Replacing the Reservoir: Single Tank Saves You Bank

You may have read about the Frankfort Plant Board’s plans to replace the city’s existing reservoir tanks and resulting litigation involving FPB and the Frankfort City Commission. The disagreement hinges on FPB’s proposal to replace two 135-year old 4.6 million gallon tanks with one 7 million gallon tank. The City Commission prefers the more costly two 4.6 MG tank replacement option.

The City Commission and the FPB Board of Directors have met to explore solutions that would be agreeable to all and would address the aesthetic concerns of the Tanglewood Neighborhood Association (TNAi) while maintaining the Board’s fiduciary responsibility to ratepayers and meeting health and public safety obligations to all citizens.

The current reservoir tanks are significantly beyond their service life and at increasing risk of failure. The frequency of repairs has increased significantly over the last five years and is costly. The time to replace the reservoir is now.

The single tank at Tanglewood proposed by FPB is the most responsible option to all ratepayers, provides sufficient water capacity to meet the community’s needs for the next 40 years, and sets the foundation for the provision of water for generations to come.

Building two tanks now at the capacities that currently exist, as proposed by the City Commission, would require additional future storage elsewhere – not only costing more now but also costing significantly more later when needed. Suitable locations are limited. Options considered included Juniper Hills, behind Franklin Square and off Sower Blvd. All would cost significantly more (as much as $10 million at one of them) than building at the current reservoir site.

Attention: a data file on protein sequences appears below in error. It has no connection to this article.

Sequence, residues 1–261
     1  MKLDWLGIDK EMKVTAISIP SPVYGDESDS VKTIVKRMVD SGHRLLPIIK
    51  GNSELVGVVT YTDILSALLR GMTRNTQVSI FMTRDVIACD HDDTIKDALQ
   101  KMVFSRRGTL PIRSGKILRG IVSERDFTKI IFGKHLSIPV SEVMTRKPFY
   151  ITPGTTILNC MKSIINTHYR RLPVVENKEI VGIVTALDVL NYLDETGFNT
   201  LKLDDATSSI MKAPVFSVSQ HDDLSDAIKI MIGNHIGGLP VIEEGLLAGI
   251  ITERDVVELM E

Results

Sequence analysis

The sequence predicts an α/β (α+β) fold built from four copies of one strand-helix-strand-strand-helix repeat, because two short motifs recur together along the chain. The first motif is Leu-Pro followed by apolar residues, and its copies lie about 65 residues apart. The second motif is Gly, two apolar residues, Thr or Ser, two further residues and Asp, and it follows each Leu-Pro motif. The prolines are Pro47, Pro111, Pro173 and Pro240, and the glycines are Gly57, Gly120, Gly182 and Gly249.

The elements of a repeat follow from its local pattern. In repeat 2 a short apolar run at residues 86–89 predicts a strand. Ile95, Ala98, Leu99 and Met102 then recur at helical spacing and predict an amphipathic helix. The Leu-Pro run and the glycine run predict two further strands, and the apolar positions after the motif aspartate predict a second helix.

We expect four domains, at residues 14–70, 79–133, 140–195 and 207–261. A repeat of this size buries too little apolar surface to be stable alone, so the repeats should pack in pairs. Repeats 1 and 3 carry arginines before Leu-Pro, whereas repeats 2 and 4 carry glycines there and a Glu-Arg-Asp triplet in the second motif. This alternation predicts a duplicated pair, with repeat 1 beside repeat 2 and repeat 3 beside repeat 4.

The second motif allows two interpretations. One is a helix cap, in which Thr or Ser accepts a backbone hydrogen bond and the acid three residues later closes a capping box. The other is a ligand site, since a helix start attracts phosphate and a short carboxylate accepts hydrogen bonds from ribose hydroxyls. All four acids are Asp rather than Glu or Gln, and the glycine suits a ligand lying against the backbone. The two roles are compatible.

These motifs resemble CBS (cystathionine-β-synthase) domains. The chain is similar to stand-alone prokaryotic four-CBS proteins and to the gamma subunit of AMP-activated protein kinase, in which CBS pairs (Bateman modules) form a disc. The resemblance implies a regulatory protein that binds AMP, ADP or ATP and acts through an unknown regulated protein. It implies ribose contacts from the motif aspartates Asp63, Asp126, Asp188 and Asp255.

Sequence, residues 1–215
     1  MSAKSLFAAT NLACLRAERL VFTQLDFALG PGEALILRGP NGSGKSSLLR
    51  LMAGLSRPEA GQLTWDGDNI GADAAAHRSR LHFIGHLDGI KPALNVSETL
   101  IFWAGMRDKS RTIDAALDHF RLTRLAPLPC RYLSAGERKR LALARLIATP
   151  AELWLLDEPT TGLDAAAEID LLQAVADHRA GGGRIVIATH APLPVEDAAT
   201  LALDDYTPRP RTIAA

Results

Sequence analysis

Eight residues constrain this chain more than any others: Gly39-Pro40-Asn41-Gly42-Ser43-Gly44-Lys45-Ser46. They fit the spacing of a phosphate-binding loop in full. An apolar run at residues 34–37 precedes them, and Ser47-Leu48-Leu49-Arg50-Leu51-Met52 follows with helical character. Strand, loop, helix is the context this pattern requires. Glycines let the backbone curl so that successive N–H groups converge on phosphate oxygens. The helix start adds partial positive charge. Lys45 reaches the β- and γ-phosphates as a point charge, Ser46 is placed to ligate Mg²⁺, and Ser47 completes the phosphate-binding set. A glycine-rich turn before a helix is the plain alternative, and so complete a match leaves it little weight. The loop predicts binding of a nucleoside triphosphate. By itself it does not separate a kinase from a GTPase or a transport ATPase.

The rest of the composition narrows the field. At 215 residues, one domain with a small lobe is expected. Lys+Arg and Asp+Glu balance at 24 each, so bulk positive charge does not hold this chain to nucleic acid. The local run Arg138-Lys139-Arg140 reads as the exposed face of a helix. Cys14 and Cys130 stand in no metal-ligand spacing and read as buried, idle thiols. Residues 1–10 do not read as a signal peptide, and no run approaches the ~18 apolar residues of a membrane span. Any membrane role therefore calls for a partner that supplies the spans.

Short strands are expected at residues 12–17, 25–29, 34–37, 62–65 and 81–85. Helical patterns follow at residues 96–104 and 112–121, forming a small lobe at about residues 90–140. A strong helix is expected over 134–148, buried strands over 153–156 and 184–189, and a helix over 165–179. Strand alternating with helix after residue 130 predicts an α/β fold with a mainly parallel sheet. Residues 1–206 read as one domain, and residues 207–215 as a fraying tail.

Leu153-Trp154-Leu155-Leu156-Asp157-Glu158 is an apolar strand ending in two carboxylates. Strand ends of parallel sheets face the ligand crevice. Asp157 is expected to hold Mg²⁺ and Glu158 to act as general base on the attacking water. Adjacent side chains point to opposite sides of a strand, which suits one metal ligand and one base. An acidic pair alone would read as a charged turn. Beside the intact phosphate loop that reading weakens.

Water rates are determined by Water Department expenses. Funds for a new tank will come from rates paid by water customers, not subsidized by other FPB departments. One 7 MG tank costs $3 million less than two 4.6 MG tanks. Three million dollars could be better spent in the long run on much needed infrastructure for one of the oldest water distribution systems in the country.

Also, FPB’s proposed plan will not only improve the aesthetic view of the reservoir but will also restore a vital amenity and family venue to the community. Since the single tank proposal will only require a fraction of the footprint currently occupied, FPB envisions additional greenspace and landscaping which will enhance the welcoming sight to visitors entering Frankfort on Louisville Road, and improved amenities for the public to enjoy. This includes re-opening the clubhouse for community events.

At the request of the Tanglewood Neighborhood Association and the City Commission, improvements are already underway. FPB replaced the chain link fence with iron and brick decorative fencing and planted some new landscaping.

The Frankfort Plant Board is committed to bringing the Frankfort community the lowest utility rates possible while also ensuring that no extraordinary financial burden is placed on current and future citizens for unnecessary infrastructure.

FPB’s single tank plan considers costs and provides space for future capacity when the community needs it. It is the more responsible and strategic option to keep water rates at a minimum for customers both now and in the future.

We encourage all water customers who are concerned about how this project will affect their rates to visit the FPB website at